The 'main grounds' of the school we study at. Very simple concrete and tin-roof buildings. You can see one of the mountains here in the background. We're on an incline so the city, Quetzaltenango (Xela to locals), is just over these buildings, perhaps about 4-8 blocks away.
And here's been my torture chamber for the past 3 weeks. Pleasant and intimate, the one-on-one learning experience has been a great help for me. Spiders seem to land on my shoulders from time to time.


And so this has been my short little walking path thus far. For class, my teacher and I often talk about this or that--catechises, basketball, cooking, or just other random topics where I try to put to use what I've learned and learn a little bit more along the way. My teacher goes above and beyond by making hand-made tests, handouts on our conversations (such as all the vocabulary you would ever want to know for basketball), and everything else. I'm very lucky to have her.

I've found that many of the people here in Guatemala are very fervent in their prayer life and devotion but very much devoid of solid catechises. They believe simply and live simply--which isn't a bad thing at all. But my teacher really loves it when I speak about Scripture, describe the symbolism in churches, and talk about theology. Like my friend Mike Olson said, "These people are really hungry for good, solid teaching about our faith, Scripture, and Catholicism." I completely agree. My teacher is a wonderful women who is intelligent, inquiring, and faithful. But Guatemala is a concrete culture--these people work for a living and, because there's not much leisure unless you're an alcoholic, they find beauty in friendships, family, and faith.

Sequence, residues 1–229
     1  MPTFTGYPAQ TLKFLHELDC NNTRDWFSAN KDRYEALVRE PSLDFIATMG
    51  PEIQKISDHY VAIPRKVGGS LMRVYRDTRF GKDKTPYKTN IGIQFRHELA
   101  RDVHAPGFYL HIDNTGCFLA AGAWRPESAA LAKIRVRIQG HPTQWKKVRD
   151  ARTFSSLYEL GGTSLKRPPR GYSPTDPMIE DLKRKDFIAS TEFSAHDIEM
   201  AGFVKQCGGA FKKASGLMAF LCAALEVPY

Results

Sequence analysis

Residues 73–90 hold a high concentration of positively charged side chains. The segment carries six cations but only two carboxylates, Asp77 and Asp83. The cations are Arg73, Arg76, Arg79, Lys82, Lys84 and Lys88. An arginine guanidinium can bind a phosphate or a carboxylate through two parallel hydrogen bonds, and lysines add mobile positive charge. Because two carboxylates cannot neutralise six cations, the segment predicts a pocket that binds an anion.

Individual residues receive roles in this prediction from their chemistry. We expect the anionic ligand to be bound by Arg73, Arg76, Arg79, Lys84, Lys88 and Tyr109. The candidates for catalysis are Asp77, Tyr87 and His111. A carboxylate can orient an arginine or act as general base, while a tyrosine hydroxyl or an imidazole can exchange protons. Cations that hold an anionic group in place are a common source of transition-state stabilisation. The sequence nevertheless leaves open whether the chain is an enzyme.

This is the beauty of simpler countries and communities. Much like the ancient Jews who were nomads,  shepherds, and workers they lived in a dirty, concrete reality. Yet all the same they realized because of it (separated from the often-prevalent decadence of urban culture) that the concrete is not all there is to life. When you move from the concrete you find family and friends to be more important. When you realize that even these too will not last you additionally appreciate that which always is, such as the beauty of nature and the constancy of the goodness that is love and family. From there you appreciate a Love that could be nothing but timeless.

In a way, I wish there were more  missionary priests from the United States. We have a culture rich with learning and opportunity through which we could change the lives of millions by instruction in the faith by our sacrifice (for the faithful), our education, and our manner of lives. And the simplicity, humility, and fervor with which faithful Catholics live here could transform us too.